July 17, 2012

B2C judges from 2011 contemplate the scoring on the entries in the first round of competition.

B2C judges from 2011 contemplate the scoring on the entries in the first round of competition.  Laurie Jones of the Small Business Development Center (center) documented all of the scoring and comments on the computer. Jones assists NJC’s small business management instructor Cyndi Vandenbark  with the coordination of the B2C program which returns again in 2012. Deadline to apply is July 31st.  (Courtesy Photo)

Deadline to apply is now July 31st.

Northeastern Junior College and the El Pomar Foundation have once again teamed up to run a Course Work Grant and Business Plan Competition in 2012. More money has been put into the program and so additional businesses are being sought to participate. The Small Business Development Center, a state-run program, is also involved in the coordination of the competition. 

To be eligible to participate, you must be a resident of Northeastern Colorado and own an existing or startup business in this local area. The participating businesses will be competing for award money through the completion and presentation of a business plan.

However, the basis for the Business 2 College (B@C) program is education. If you apply and are selected to participate, you will receive six free credits of college business training that is related to business ownership and operation. Each entrepreneur chosen will also be awarded an iPad and provided with Internet access during the duration of the program. The participants get to keep the iPad once the competition is over.

The goal of the B2C program is to strengthen business communities and develop business leaders. Following the training and after some consultation from business experts, contestants will complete and present a business plan during the final competition, judged by a panel of professionals with various areas of expertise related to owning and operating a business.

Applications for the competition can be requested from Cyndi Vandenbark at 970-521-6763 or email: B2C@njc.edu

The application is fairly simple. It doesn’t require a great deal of time to complete. Applications must be submitted by Tuesday, July 31st at 5 p.m.

During last year’s competition,  the following individuals participated in the first round of B2C: Deb Tryboski, Bully’s Pub and Grub, Logan County (Fleming);  Chris Fiegel, Boondocks, Logan County (Sterling);  Shirley Legg, Legg Creation, Phillips County (Holyoke);  Tina Owens, Perfectly Polished Day Lounge, Logan County (Sterling); James Stewart, Lock Doc, Logan County (Sterling);   Ben Blecha, Big Time, Small Town Media,  Logan County (Sterling);  Patricia Kamery, Puzzle Weights, Phillips County (Haxtun);  Heather Zwirn, Hot Java, Logan County (Sterling); Stacey Poland, Just What Grows Gardens, Morgan County (Fort Morgan); Roger Hosea, NE Colorado Total Document Management, Logan County (Sterling).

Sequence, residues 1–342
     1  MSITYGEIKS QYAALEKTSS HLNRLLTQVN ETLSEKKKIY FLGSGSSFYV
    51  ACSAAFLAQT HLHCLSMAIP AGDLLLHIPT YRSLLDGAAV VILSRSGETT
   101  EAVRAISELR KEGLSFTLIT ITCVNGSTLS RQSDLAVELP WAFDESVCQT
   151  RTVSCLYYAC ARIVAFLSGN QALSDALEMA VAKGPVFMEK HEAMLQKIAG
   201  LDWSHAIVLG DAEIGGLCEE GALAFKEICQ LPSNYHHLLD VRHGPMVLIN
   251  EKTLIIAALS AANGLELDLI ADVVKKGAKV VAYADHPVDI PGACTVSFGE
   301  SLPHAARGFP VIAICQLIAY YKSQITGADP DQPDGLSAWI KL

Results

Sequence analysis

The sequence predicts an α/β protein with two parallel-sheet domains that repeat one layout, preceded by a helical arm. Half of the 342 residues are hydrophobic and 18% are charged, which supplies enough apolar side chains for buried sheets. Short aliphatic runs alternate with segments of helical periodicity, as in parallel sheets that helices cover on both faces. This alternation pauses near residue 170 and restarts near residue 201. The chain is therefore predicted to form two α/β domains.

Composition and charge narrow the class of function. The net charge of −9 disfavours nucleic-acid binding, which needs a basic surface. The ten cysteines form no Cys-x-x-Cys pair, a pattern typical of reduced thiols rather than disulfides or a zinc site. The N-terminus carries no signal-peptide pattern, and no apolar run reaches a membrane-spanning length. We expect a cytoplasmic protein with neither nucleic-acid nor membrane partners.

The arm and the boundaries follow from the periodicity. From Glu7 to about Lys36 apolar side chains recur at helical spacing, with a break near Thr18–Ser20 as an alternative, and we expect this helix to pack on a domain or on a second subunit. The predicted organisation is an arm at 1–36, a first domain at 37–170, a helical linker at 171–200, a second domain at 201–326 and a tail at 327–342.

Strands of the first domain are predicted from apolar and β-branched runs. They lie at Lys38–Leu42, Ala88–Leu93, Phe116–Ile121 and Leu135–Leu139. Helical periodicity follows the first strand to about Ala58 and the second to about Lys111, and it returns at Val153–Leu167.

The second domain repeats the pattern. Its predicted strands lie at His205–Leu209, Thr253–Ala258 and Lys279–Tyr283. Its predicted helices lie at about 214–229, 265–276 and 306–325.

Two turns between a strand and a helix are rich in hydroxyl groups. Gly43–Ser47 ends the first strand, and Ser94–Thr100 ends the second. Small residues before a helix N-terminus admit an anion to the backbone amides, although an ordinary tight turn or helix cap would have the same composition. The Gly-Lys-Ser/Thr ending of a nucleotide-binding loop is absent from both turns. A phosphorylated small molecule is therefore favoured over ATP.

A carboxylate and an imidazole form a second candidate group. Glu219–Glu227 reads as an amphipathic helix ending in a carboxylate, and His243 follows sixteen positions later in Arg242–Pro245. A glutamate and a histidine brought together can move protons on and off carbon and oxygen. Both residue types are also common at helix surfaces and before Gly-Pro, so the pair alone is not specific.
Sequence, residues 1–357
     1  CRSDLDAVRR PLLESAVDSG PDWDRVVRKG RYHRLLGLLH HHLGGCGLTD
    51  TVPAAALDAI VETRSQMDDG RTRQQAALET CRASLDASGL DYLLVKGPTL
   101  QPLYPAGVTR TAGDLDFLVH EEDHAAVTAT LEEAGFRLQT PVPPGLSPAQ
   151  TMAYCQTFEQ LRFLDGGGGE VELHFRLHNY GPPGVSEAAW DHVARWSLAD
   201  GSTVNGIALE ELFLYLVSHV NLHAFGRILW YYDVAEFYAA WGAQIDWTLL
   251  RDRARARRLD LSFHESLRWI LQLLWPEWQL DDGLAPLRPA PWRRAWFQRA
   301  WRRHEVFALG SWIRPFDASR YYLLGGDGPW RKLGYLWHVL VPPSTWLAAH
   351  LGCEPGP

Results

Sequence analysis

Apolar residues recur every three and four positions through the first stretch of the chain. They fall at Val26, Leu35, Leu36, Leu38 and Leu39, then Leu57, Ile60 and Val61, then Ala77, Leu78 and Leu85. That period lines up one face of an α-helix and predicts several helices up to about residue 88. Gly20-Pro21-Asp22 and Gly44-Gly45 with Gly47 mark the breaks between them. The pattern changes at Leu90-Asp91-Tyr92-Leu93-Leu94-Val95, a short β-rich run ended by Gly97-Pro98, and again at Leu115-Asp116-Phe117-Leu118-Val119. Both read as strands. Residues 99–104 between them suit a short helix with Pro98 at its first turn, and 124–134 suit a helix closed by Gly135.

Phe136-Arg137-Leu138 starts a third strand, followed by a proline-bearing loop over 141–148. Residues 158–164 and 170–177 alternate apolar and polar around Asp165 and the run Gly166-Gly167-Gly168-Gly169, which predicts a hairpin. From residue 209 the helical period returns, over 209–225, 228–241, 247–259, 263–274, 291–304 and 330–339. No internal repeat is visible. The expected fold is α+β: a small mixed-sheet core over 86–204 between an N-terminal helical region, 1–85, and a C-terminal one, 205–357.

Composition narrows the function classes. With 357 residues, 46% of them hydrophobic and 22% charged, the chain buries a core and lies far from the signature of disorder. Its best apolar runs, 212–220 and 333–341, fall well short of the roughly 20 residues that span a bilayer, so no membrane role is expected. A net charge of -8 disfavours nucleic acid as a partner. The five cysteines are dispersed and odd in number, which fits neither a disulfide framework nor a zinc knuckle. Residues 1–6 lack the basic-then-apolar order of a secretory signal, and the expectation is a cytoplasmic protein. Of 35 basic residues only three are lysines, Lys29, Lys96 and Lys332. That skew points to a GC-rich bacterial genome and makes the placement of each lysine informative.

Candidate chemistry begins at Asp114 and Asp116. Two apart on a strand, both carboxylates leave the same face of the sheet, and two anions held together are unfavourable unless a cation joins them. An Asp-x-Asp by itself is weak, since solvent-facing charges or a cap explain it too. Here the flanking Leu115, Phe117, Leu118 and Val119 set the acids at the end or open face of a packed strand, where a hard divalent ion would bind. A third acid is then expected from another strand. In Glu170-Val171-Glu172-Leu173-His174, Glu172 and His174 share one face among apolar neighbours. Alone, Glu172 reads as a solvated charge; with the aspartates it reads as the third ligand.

In the end, it was Stacey Poland, who was the top winner. Poland’s business plan garnered her $10,000.  Three other businesses were named runners-up and each received $5,000. Those three winners included Debra Tryboski, Ben Blecha and Tina Owens and their respective businesses.

Recognizing that consumers want fresh produce, Bret and Stacey Poland opened Just What Grows Gardens (JWGG) in June, 2011. Located between Brush and Ft. Morgan, four miles north of I-76, a large part of the business is a pick your own (PYO) fresh flower and herb component. Customers must meet with Stacey once to get oriented to the garden but after that, people can come pick their own flowers and herbs.  Offering an ample selection of flower and herb varieties, customers pay by the pail as they leave.

In its business plan, Just What Grows Gardens  (JWGG) planned to start providing a “fresh salad mix” in early spring 2012 through late fall. The salad mix would include produce such as mixed salad greens, Swiss chard, radishes, green onions, herbs, and a few other items. A passion of JWGG is drought tolerant plants. Plant plugs (seedlings) will be purchased yearly and grown until they are large enough to market to customers.  Shrubs such as the Oakleaf Sumac and White Sage were planted this year. Perennials such as Penstemons and a few varieties of Buckwheat were also planted and have grown to a nice size as they become ready for this year’s sales.

All of these drought tolerant plants are grown in the native soils, out in the open environment. The Polands’ intention is to grow and sell plants that are native to the West, able to survive the high winds, dry winters, and alkaline soils.

Recently, JWGG purchased a hoop house to help grow some of their items. Once the business has a steady supply of customers, the owners would like to add more hoop houses, a large greenhouse, an outdoor classroom, and will look into wildflower turf production.

The owners hope to increase sales to local businesses with weekly delivered flower arrangements and hope to get a few contracts with local restaurants for weekly fresh herb delivery.

On being selected for the B2C program, Stacey Poland stated “The B2C program means everything to me. It is an honor to have been selected from the many applications. I am hoping the program will help my husband and I figure out a direction for Just What Grows Gardens. I am also excited to learn about new concepts of marketing and advertising for our business.”